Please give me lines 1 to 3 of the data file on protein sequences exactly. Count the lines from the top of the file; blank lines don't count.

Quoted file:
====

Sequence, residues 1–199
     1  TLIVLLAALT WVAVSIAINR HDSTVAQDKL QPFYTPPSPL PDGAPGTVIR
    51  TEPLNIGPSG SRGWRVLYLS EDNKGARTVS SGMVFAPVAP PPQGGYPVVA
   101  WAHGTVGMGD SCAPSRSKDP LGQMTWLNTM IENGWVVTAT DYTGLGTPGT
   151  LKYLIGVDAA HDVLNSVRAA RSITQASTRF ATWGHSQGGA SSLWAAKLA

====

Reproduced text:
Sequence, residues 1–199
     1  TLIVLLAALT WVAVSIAINR HDSTVAQDKL QPFYTPPSPL PDGAPGTVIR
    51  TEPLNIGPSG SRGWRVLYLS EDNKGARTVS SGMVFAPVAP PPQGGYPVVA